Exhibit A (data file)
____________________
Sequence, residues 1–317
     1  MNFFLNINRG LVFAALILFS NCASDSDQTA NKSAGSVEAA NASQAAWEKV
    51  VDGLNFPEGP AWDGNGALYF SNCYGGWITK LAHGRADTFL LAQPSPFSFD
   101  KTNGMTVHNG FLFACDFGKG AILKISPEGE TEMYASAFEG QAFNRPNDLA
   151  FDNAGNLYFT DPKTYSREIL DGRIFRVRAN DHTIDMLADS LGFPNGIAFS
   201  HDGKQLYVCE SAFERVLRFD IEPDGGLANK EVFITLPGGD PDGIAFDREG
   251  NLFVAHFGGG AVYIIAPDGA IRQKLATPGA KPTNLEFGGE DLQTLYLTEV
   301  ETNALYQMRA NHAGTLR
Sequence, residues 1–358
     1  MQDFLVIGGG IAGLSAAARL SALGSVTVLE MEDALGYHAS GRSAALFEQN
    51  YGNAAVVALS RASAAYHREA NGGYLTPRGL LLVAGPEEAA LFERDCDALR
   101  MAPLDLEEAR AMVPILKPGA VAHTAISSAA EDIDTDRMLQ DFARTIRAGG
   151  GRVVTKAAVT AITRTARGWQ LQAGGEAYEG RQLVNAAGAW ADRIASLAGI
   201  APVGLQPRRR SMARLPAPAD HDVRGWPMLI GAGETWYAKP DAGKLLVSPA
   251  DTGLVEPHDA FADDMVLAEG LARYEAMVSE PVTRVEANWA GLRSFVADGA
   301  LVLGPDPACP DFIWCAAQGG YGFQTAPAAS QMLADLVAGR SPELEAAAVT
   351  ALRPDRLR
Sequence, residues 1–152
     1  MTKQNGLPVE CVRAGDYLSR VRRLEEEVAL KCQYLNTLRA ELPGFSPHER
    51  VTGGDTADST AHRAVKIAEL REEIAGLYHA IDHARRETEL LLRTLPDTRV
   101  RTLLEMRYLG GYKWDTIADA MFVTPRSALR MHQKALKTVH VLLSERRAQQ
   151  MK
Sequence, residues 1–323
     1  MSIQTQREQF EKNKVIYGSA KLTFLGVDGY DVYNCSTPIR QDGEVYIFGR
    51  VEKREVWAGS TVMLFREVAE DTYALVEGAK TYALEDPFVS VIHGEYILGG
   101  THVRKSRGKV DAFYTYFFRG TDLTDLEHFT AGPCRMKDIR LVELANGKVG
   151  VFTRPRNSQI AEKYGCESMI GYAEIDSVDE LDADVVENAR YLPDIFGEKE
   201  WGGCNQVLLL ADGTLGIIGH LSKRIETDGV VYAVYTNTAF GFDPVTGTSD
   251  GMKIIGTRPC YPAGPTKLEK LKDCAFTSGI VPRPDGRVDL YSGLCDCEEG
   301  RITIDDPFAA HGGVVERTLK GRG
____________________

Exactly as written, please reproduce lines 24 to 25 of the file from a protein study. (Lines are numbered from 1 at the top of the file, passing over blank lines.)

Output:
     1  MSIQTQREQF EKNKVIYGSA KLTFLGVDGY DVYNCSTPIR QDGEVYIFGR
    51  VEKREVWAGS TVMLFREVAE DTYALVEGAK TYALEDPFVS VIHGEYILGG